The UK’s Competition & Markets Authority (CMA) overestimates the importance of the Call of Duty franchise, according to Microsoft. The company is now trying to argue that this IP won’t make most PlayStation players switch to Xbox.
- As reported by Axios, Microsoft commissioned a YouGov survey in January to see the impact of Call of Duty on player preferences.
- The survey’s details, including its sampling, remain undisclosed, but it found that “just 3% of all PlayStation users would switch to buying an Xbox if Microsoft pulled Call of Duty from PlayStation.”
- 10.5% of users who ranked the franchise as one of their two favorites would have moved from PlayStation to Xbox.
- In contrast, the CMA’s own survey showed that 15% of avid users, who played CoD for at least 10 hours or spent at least $100 on it in the past year, would abandon PlayStation if the series became exclusive to Xbox.
- According to the CMA, 9% of hardcore players would buy a PC instead of a PlayStation, so around a quarter (24%) of all PlayStation users would switch their device if Call of Duty got pulled from their preferred platform.
- It is worth noting that Microsoft’s survey was focused only on consoles, and there is not enough data regarding the share of players moving from PlayStation to PC.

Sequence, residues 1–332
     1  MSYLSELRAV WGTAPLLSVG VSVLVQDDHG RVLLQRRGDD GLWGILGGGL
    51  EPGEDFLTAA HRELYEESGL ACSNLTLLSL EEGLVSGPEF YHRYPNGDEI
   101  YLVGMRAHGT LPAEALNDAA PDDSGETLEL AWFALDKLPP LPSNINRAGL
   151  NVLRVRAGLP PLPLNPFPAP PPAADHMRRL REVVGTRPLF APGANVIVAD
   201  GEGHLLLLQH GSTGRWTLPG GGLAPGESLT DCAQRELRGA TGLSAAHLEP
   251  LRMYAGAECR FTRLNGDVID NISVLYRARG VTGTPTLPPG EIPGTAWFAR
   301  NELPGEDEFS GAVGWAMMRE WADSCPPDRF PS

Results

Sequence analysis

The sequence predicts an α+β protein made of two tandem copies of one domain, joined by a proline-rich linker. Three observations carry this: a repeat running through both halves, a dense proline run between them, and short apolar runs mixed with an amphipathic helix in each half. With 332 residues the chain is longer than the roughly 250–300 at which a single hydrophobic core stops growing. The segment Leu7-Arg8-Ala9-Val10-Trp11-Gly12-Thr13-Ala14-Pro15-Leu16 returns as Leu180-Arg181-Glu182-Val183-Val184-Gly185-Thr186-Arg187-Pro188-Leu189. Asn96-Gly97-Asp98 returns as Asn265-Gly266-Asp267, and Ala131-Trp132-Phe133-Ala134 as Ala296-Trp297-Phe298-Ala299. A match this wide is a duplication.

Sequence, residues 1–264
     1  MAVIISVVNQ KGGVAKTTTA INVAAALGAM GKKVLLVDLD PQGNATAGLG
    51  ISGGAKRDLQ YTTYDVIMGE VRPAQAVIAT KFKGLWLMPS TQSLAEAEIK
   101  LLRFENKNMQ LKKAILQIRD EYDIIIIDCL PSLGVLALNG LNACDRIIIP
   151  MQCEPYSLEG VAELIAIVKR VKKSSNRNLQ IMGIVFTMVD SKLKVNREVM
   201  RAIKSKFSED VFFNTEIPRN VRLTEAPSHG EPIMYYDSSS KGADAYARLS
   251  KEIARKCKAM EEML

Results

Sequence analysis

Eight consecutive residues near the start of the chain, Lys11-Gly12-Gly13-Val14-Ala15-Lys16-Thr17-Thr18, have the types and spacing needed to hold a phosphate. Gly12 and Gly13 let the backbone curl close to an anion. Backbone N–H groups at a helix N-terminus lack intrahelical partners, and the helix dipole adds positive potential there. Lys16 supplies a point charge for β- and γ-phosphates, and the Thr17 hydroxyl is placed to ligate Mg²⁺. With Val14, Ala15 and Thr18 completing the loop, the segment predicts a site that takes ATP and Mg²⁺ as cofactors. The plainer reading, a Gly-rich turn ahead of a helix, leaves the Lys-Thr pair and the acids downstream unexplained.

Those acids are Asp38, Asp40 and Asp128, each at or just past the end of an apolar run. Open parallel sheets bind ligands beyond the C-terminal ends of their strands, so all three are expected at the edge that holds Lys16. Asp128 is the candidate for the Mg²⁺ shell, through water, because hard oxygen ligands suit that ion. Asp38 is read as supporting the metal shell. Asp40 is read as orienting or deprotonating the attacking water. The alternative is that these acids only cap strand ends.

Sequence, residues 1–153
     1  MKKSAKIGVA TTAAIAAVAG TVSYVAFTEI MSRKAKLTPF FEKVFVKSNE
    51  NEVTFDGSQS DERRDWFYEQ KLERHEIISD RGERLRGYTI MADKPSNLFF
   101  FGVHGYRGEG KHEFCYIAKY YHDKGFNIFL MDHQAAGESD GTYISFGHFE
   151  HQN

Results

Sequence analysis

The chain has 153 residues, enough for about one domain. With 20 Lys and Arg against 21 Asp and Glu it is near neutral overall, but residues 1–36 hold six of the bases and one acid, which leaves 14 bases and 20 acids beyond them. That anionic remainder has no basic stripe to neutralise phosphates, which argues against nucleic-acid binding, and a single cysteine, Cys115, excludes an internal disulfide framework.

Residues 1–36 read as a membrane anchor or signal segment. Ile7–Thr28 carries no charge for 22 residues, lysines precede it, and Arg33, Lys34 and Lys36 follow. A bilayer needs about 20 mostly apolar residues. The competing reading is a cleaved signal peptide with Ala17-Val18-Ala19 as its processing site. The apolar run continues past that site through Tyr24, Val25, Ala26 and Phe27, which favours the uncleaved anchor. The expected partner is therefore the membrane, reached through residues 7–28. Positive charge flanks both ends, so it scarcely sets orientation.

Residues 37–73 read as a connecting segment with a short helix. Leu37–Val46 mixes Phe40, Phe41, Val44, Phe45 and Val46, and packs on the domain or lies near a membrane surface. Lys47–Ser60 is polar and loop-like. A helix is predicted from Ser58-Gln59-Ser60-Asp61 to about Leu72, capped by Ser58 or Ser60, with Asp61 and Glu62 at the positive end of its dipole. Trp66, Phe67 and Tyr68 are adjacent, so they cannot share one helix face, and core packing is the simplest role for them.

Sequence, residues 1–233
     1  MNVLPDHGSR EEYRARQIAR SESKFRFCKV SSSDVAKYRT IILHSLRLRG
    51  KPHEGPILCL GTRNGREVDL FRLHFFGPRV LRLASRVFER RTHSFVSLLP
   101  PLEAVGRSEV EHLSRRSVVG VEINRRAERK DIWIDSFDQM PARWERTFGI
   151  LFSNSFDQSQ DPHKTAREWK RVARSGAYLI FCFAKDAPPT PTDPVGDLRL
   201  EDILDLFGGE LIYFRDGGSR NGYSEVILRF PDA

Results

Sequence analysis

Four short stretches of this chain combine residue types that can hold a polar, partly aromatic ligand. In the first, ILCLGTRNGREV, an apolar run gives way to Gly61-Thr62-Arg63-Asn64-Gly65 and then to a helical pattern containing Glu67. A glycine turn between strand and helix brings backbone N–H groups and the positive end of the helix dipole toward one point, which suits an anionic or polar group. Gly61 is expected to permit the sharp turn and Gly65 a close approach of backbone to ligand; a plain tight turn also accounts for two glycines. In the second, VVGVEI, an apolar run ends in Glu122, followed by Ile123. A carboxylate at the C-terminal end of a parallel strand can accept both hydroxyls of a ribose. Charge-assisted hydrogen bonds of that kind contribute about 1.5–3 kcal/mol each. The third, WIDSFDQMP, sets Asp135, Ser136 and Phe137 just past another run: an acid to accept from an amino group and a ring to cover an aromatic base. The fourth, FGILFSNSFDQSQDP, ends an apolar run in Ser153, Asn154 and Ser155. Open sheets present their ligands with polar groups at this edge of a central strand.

- Rima Alaily, corporate vice president and deputy general counsel at Microsoft’s Competition Law Group, told Axios that it “makes zero business sense” to make Call of Duty exclusive to Xbox, adding that the share of players who would switch consoles was “too small to hurt Sony’s ability to compete and too small to make a withholding strategy profitable for Xbox.”
The CMA is now collecting responses to its provisional findings on the Activision Blizzard acquisition from involved parties. The UK regulator, which has until April 26 to make its final ruling on the deal, also proposed several remedies for Microsoft, including buying only a part of Activision Blizzard (without the Call of Duty franchise).